Chevy's MPV comeback

Chevy's MPV comeback

It's not the European-tailored Zafira but a more cost-effective version made for emerging markets. Is the Spin any good?

Compact seven-seat MPVs are popular in Indonesia because they don't cost too much and can take many people on board to fight tight road space. As well, our Asean neighbour gives special taxes for such vehicles, explaining why models like the Honda Freed, Suzuki Ertiga and Toyota Avanza are being assembled there and shipped to Thailand duty-free via the Afta scheme.

Today, Chevrolet has become the latest mainstream player to employ a similar tactic to the Japanese by basing production of the Brazilian-developed Spin in Indonesia.

It's not that the market for mini-MPVs is so big in Thailand that Chevrolet decided to sell the Spin here, because it is claimed that many Thais have a tendency to question the quality of Indonesian-made cars.

But, hey, it's better than nothing. The addition of a new offering to any particular Thai model line-up is welcome because product variety in Thailand is somewhat limited, thanks to some old measures protecting the car-making industry in the country.

It's worth noting that this isn't the first time Chevrolet has sold an MPV in Thailand.

When it entered the country in 2000, it started with the European-developed Zafira which was based on C-segment credentials rather than the B-segment ones of the Spin.

So, is the Spin any good, especially when it faces competition from big-time players like Honda and Toyota? Put it like this: mini-MPVs of this breed were never really excellent, and the same goes for the Spin.

Fuss-free driving environment is easy to live with.

Take design, as a start. While the Spin has a very predictable front look, the car can seem a little quirky from other angles, especially its rear three-quarter view.

The clumsy overall stance doesn't serve a dynamic purpose and reflects what can be perceived in both the Freed and Avanza. It appears the Ertiga looks the most car-like, if still not rousing to look at.

Jump inside the Spin and you'll note the so-called twin-cockpit dashboard design Chevrolet is employing in its current cars. The simplicity it embodies makes for an easy to live with driving environment.

Just don't start to get sophisticated about how a cabin should be to touch and feel because there are mostly hard plastics strewn all over the place while the seating upholstery doesn't seem tailored to last.

Mini-MPVs in this class don't offer spectacular space for seven people and the Spin is one of them. Although passengers get a high, airy seating position, there isn't much legroom in any row even though you can easily place your feet beneath the seats in front of you.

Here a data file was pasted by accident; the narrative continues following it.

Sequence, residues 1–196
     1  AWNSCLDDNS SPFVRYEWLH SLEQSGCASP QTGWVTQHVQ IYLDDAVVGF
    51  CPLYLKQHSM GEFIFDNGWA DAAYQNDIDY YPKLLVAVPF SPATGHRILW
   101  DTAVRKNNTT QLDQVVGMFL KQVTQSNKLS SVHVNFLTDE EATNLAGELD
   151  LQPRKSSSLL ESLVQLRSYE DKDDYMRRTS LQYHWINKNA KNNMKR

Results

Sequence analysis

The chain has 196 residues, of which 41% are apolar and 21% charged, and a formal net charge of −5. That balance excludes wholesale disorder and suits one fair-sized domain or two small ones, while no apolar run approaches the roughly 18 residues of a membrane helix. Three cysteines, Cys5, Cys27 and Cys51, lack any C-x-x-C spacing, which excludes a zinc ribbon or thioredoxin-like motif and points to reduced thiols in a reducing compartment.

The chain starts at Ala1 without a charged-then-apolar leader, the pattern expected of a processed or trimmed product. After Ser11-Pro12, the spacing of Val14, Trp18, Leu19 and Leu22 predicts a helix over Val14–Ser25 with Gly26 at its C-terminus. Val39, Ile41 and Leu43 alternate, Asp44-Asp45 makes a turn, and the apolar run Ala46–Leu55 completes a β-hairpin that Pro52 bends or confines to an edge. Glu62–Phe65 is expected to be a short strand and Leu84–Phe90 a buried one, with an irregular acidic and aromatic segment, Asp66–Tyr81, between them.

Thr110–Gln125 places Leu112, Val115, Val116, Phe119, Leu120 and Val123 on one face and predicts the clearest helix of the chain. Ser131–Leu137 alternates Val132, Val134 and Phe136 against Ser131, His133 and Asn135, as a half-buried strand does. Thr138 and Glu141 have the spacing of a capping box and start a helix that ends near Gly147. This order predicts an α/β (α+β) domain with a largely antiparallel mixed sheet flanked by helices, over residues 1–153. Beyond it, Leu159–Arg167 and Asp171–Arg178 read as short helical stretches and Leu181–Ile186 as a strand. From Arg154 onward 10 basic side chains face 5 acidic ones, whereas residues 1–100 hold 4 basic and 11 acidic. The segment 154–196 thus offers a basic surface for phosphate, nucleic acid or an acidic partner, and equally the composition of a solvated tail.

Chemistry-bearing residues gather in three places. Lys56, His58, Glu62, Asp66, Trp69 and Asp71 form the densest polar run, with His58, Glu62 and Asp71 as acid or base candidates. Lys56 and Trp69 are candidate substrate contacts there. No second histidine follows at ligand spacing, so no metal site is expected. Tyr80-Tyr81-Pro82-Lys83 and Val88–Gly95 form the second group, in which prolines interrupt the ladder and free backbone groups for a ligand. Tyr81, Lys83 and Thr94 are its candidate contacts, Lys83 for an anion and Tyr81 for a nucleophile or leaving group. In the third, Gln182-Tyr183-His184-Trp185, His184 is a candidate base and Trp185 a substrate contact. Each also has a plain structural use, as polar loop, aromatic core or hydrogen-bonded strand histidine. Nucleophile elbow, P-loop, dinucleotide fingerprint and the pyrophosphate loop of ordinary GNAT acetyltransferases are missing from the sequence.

In versatility terms, the Spin bags merits and flaws. The good bit is the ability to fold the second and third rows of seats to help create a large area for accommodating big stuff. Tuck away the last tier and you get a vast boot.

But if you're trying to mix occupant-and cargo-carrying ability together, the Spin isn't perfect because the rear-most seats don't split fold. And if you're a second-row occupant looking for more comfort, the backrest can only recline a little.

Taut chassis is one selling point.

Buyers can also expect some compromises when driving the Spin. Power comes from a 107hp 1.5-litre engine that provides decent acceleration and low-end power. In fact, there's a nice spread of torque at town speeds.

But once you get on the highway, it can feel occasionally breathless. And despite the use of the six-speed automatic transmission _ a first in its class _ the overall gearing is short.

The reason for this, according to engineers, is the need to give the Spin good pulling power at low to medium speeds under load because that's how Indonesians use their cars.

At 100kph, the Spin's engine is loitering at a high-ish 3,000rpm in top gear _ very much like in its rivals. After driving to Rayong and back, we managed just 10.5kpl, far short of the 13.4kpl figure Chevrolet is claiming.

But if there's one thing to like in the Spin over its opponents, it would probably be the chassis. The ride is generally taut at all times, while the body is decently stable at high speeds.

The Spin's hydraulically assisted (unlike the more modern electrical set-up that can help reduce fuel consumption by a small degree) steering feels a touch heavy at low speeds but crisp higher up _ a good thing as a weekend car but perhaps not when doing the dreaded school run.

That's mostly the problem with the Spin. Whether you are going to use it as a daily car or one with recreation in mind, there are compromises to be made.

The Spin isn't priced to kill, either. Available in just one trim, it costs 762,000 baht, in between the Avanza/Ertiga and Freed.

This, in the end, doesn't make the Spin a winner or loser. You just need to sort out your priorities. As mentioned earlier, at least be thankful that you now have another product to choose from.

AT A GLANCE

Styling ............................... 6/10

Despite a predictable front design, the Spin looks quite quirky from other angles.

Performance and economy.... 6/10

The car has just enough usable power in undemanding conditions; economy isn't great.

Handling and ride ................. 7/10

The ride is quite comfortable by class standards; steering is crisp but can be heavy at low speeds.

Practicality ......................... 6/10

It can take seven but not in a great manner; seat versatility is average.

Safety kit ............................ 6/10

LTZ is the only trim available: dual airbags and anti-lock brakes.

VERDICT ............................ 6/10

Like most of its rivals, the Spin has been designed to be a city runabout rather than an MPV for the weekend. This means there's a bag of merits and flaws.

The Spin’s steering feels a touch heavy at low speeds but crisp higher up

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